Racist card shows LAPD still needs work


By Earl Ofari Hutchinson

Contributing Columnist

When word hit that a phony Valentine’s Day card was being circulated among Los Angeles police officers that mocked the slaying of George Floyd, a bevy of police and city officials expressed outrage.

All promised a thorough investigation and tough punishment for whoever was the perpetrator of the disgusting and hate-filled card. The indignation from on top is all well and good.

However, it begs several sticky questions. One, why did the perpetrator feel that it was OK to circulate such a racially charged, offensive card in the first place? Two, how many LAPD officers were offended by the card, or not? And three, if the officers were indeed offended why didn’t they, and not the brass, instantly react in outrage and blow the whistle on the offender or offenders?

The slaying of Floyd last May ignited mass marches, protests, demonstrations and civil disturbances. It prodded every political leader, including even President Donald Trump, to speak out on the slaying. The slaying ignited a deep soul search once again on the continued cheapness of Black lives and how cavalierly and wantonly some cops and continue to extinguish them.

Unfortunately, what the Floyd slaying didn’t do was force police departments to go full bore to purge the culture of silence from their departments. The fact that such a racially heinous, despicable card mocking a killing could be circulated within the ranks of the LAPD is stark proof of that.

LAPD officials, the L.A. Police Commission and even the L.A. Police Protective League have repeatedly denounced and promised to crack down on the blue code of silence. There are rules and regulations in place that mandate that officers who witness any abusive, and yes, racist acts, by other officers challenge them and report them.

But the more galling thing that we still see is that officers within these departments and more than a few administrators also know that their fellow officers blatantly break the law. Yet, few will step forward to blow the whistle on them.

Here’s how deep, prevalent, and terrifying the blue code of silence continues to be in police culture. The National Institute of Ethics, in a study commissioned by the International Association of Police Chiefs, surveyed hundreds of police officers in 21 states.

The study found that nearly 80% of the officers said that a code of silence exists, more than half said it didn’t bother them, almost half admitted that the code was strongest when excessive force was used, and half also admitted they had witnessed misconduct by another officer but kept their mouths shut about it.

Why? Because in many cases they were told to keep quiet by other officers and in even more cases by department higher-ups. And if they didn’t, they were scared stiff that they would be ostracized; the officer who committed the misconduct would be disciplined or fired; or worse, they’d be fired, or at the very least would be “blackballed,” or that their bosses would simply blow their complaint off.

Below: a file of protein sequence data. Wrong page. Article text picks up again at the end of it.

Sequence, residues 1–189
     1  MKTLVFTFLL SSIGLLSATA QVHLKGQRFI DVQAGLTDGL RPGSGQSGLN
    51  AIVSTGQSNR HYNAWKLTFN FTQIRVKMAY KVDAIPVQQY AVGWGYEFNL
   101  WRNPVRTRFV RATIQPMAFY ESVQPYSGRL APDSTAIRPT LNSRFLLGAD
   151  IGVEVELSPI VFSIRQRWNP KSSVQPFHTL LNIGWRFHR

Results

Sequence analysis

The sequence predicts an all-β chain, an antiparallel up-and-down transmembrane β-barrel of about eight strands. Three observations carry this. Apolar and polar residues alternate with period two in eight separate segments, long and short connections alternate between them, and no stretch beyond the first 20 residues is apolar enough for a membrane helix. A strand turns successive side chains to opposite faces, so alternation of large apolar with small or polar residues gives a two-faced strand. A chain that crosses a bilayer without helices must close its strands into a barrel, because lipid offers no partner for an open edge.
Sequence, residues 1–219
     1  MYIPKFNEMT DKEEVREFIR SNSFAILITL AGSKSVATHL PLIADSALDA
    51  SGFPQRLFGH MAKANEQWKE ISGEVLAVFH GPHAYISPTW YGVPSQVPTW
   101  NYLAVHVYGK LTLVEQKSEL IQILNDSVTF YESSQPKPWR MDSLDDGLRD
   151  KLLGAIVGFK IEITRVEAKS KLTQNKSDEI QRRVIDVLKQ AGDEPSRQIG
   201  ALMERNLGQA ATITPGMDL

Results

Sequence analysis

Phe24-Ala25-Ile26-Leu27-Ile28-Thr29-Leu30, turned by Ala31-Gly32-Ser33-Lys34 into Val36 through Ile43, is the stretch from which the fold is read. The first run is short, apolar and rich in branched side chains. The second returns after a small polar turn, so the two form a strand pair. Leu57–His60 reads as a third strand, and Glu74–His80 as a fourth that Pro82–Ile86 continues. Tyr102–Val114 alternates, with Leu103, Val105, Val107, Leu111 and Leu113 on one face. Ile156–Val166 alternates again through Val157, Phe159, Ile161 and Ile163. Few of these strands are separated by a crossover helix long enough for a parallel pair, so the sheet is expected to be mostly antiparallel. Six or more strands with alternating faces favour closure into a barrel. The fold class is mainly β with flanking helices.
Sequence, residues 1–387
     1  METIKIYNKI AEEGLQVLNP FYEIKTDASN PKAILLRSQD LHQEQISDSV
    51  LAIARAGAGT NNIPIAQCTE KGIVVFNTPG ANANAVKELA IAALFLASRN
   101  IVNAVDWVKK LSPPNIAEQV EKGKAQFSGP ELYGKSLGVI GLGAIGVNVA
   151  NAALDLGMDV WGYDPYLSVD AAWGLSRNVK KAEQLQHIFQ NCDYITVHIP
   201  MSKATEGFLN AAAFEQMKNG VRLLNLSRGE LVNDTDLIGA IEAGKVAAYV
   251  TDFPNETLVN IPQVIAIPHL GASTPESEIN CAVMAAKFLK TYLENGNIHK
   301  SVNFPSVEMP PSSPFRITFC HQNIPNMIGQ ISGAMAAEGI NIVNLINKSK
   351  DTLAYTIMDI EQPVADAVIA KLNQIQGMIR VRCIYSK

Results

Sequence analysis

A significant number of them said they wanted to speak out about the abusive acts of fellow officers but were pressured by “uninvolved officers” to keep quiet.

But there has never been any need for officers to quake at that prospect. Courts have sided with officers in the few times that they have broken ranks and called out other officers to higher-ups for misconduct from beatings to the shooting of suspects or civilians. In one case, an appeals court in California went further and reminded police officers and officials in a ruling on the issue that it’s the legal and professional duty of an officer to report misconduct by another officer. It’s a protected constitutional right and that any form of retaliation against the officer for speaking out is illegal.

The problem is that few police departments pound this point home to rank-and-file officers or for that matter to their superiors. Telling recruits at the academy, officers in orientation and training sessions, and in their performance evaluations that the department has zero tolerance toward police misconduct should be enough. An officer who witnesses misconduct is duty-bound to report it. If they don’t, they are just as guilty of law breaking as the cop that breaks the law.

LAPD officials reacted with anger and indignation at the hideous fake Valentine’s Day card mocking Floyd’s slaying. The brutal truth, though, is that its very existence speaks volumes that the racist blue code of silence is still alive and well at least among some within LAPD ranks.

The silence makes it possible for bad cops and bad administrators to get away and keep getting away with abusive acts. It’s the single biggest thing that gives minorities and increasingly much of the public a negative opinion about cops and reinforces the notion that all cops routinely lie, cheat and cover up abuses. The racist Valentine’s Day card certainly didn’t help matters for the LAPD.

Earl Ofari Hutchinson is an author and political analyst. His latest book is “What’s Right and Wrong with the Electoral College” (Amazon). He also is the host of the weekly Hutchinson Report on KPFK 90.7 FM Los Angeles and the Pacifica Network.